'Popoy' slain in UP ambush

- Romel Bagares () - February 7, 2001 - 12:00am
Prominent leftist labor leader Felimon "Popoy" Lagman was killed after being shot at close range by four unidentified men inside the University of the Philippines (UP) campus in Quezon City yesterday.

President Arroyo ordered Philippine National Police chief Deputy Director General Leandro Mendoza to immediately investigate the killing of Lagman, who once headed the urban hit squad Alex Boncayao Brigade of the Communist Party of the Philippines-New People’s Army (CPP-NPA).

"The arrest of the perpetrators must be done at the soonest possible time," Mrs. Arroyo said in an official statement.

As of midnight last night, no group has claimed responsibility for Lagman’s killing.

"Task Force Popoy" was formed last night composed of the Philippine National Police,the National Bureau of Investigation, the PNP-Criminal Investigation and Detection Group and the Central Police District.

The task force was set up after an hour-long meeting among Lagman’s brother, former Albay Rep. Edcel Lagman, and Interior Secretary Jose Lina, PNP chief Deputy Director General Leandro Mendoza, NBI chief Reynaldo Wycoco and Metro Manila police chief Director Edgar Aglipay.

Lina said the killing was "an isolated incident." He and Mendoza vowed to get the perpetrators.

Reports said Lagman, who is chairman of the militant Bukluran ng Manggagawang Pilipino (BMP), died of four gunshot wounds in the head. He was shot with caliber .45 automatics.

Former Congressman Lagman told reporters his brother was declared dead at 9:10 last night, several hours after he was shot in the head at close range by four unidentified men inside the UP campus.

"Popoy lived dangerously," he said. "He had determined assassins. It (his killing) could have happened any day."

Fr. Robert Reyes administered the last rites on Lagman, before he was formally declared dead. His remains will be brought today to UP’s Parish of the Holy Sacrifice.

Quezon City police investigator Senior Inspector Rudy Jaraza told reporters they have recovered two caliber .45 shells from the scene.

Witnesses said a third gunman shot Lagman twice in the head as he fell on the ground after the first two gunmen shot him in the head.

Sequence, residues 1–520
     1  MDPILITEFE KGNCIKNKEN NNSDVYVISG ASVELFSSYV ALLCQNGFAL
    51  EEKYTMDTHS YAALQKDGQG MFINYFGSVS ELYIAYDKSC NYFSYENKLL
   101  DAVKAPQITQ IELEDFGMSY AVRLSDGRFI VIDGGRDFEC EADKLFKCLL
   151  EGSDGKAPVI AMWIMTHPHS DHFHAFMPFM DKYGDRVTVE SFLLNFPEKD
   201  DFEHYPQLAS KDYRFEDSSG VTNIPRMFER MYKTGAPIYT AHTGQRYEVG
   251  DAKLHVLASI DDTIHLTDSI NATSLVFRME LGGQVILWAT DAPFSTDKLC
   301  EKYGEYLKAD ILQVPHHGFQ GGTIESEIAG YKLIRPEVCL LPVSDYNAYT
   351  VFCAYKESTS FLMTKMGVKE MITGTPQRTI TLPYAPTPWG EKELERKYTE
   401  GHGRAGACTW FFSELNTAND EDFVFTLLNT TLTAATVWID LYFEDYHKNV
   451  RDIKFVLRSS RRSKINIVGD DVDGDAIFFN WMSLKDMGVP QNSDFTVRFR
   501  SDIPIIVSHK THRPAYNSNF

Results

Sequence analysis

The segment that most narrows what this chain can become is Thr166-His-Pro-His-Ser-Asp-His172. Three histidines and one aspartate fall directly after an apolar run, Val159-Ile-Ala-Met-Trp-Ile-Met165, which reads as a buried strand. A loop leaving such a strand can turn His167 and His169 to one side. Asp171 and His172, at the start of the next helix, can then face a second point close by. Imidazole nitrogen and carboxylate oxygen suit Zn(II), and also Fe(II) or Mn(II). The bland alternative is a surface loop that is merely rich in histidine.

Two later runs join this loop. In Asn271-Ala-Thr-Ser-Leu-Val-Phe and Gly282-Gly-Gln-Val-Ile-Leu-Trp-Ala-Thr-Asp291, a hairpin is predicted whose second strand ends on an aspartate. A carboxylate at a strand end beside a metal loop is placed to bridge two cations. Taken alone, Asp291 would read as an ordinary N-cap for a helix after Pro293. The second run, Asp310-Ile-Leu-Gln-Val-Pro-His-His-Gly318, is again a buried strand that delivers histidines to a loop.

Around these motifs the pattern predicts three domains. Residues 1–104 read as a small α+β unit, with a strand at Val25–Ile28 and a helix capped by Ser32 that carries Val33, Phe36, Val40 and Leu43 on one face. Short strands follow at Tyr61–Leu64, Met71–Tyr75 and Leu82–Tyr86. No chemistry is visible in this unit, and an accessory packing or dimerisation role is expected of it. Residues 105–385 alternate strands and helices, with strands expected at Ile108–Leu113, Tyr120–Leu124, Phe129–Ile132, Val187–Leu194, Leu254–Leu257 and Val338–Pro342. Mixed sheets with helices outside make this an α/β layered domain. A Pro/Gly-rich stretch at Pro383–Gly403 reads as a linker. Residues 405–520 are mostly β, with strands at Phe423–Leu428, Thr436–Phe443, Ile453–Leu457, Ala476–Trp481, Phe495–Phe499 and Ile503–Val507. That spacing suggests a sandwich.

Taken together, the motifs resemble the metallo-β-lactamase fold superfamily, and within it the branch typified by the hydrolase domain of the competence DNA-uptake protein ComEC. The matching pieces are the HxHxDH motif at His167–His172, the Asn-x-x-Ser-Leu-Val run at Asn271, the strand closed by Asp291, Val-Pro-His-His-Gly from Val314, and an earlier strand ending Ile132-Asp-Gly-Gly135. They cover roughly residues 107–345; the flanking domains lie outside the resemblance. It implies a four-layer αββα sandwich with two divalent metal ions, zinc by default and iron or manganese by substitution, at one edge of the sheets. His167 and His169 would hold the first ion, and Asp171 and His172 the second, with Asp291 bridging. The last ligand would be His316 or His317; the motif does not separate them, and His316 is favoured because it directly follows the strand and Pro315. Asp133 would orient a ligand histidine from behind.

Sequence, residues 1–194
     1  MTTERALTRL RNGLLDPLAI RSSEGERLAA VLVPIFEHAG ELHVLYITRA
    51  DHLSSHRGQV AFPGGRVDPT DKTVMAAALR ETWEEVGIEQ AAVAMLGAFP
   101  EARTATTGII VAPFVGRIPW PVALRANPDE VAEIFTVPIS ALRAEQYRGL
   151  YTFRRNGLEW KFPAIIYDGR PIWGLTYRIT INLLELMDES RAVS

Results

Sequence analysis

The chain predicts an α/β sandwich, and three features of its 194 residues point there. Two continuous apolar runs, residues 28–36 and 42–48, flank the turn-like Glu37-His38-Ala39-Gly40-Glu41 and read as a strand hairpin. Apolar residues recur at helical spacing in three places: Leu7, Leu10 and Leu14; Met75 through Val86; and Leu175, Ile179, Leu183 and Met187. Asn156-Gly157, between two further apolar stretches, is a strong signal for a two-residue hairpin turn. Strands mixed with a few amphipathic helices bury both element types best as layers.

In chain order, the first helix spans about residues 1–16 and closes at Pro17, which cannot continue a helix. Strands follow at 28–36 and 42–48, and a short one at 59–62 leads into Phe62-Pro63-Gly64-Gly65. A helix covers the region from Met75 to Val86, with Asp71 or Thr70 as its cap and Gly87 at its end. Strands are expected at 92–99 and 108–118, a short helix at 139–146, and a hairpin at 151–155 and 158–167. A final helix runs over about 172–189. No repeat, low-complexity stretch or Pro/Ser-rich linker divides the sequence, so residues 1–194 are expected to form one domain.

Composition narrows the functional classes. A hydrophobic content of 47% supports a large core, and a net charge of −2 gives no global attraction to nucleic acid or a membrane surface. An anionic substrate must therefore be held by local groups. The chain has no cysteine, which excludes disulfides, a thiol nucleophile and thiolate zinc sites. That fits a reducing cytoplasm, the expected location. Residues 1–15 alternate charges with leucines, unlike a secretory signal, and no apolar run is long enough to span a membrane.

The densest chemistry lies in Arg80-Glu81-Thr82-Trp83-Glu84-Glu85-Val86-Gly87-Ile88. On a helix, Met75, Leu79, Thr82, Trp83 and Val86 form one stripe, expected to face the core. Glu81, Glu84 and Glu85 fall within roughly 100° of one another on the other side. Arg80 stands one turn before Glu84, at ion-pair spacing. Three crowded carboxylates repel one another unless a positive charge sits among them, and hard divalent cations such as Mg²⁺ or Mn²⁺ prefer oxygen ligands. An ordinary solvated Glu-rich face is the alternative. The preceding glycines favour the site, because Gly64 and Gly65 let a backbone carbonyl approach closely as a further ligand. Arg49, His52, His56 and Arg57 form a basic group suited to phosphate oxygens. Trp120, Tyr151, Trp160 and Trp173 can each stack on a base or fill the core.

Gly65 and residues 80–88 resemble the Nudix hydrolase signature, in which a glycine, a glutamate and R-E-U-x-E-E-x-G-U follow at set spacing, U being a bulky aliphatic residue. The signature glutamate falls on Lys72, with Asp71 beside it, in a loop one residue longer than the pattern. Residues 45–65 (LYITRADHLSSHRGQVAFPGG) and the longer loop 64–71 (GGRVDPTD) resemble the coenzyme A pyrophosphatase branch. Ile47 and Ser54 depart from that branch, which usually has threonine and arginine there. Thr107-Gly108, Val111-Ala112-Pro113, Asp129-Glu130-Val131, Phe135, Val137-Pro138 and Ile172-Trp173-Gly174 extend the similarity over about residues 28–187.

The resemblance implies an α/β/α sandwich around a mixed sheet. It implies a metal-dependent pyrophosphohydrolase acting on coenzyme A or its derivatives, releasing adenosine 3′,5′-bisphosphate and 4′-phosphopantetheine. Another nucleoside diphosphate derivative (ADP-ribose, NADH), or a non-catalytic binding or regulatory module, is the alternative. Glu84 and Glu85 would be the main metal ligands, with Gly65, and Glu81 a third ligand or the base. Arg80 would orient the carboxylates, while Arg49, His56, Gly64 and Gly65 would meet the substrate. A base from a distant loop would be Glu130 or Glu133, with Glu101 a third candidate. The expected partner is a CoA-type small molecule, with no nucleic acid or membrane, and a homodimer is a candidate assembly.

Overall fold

Witnesses took Lagman to the nearby Philippine Heart Center along East Avenue.

A neurosurgeon identified only as Doctor Mariano of the St. Luke’s Hospital apologized after declaring Lagman dead. "I did everything I could," he said. "A bullet hit the base of his brain which controls major bodily functions."

Lagman was supposed to turn 48 on March 17. He had just alighted from his car and was about to meet with about 500 members of a left-wing group at the UP Alumni Center when the four men, two of them wearing masks, mixed with the crowd and shot him.

His son Dante said he tried to run after one of the gunmen but was shot at. The suspects then commandeered a car of a passerby to flee. The car was later recovered in Barangay Palawis not far from the UP Campus.

Dr. Aurora Parong of Task Force Detainees, one of the groups sponsoring the UP forum, told The STAR: "We heard gunshots ring out. Then a woman was crying for help."

Kit Belmonte, a UP law student, told The STAR yesterday he was introducing Edcel Lagman at the forum as a congressional candidate in Quezon City when he heard the gunshots.

BMP leaders said the killing of Lagman was a "politically motivated act" that was meant to scare militant labor groups.

"The crime is designed to decapitate the workers’ movement of an able leader and frighten militant labor into submission," they said.

BMP leaders said Lagman made many enemies as a communist revolutionary and as a labor leader after he decided to leave the underground. He still has at least two pending warrants of arrest, one for the alleged killing of a suspected drug lord and another for the alleged assassination of barangay official Rey de la Cruz in Quiapo, Manila.

Lagman is believed to have led the urban hit squad Alex Boncayao Brigade and the break with the mainstream CPP under Jose Ma. Sison in 1993, claiming the leadership had become "Stalinist."

He said the Maoist party’s "protracted people’s war" insurgency policy was no longer acceptable.

After his release from military custody in 1995, Lagman organized the BMP and other militant, factory-based labor unions.

Lagman and his group had demanded not only for the resignation of President Joseph Estrada, but also of Mrs. Arroyo.

In 1977, Hermond, a Lagman sibling and labor lawyer, was abducted allegedly by the military. Up to now, he remains missing and is believed to be dead. – With reports from Mayen Jaymalin, Jaime Laude, Liberty Dones, Jess Diaz

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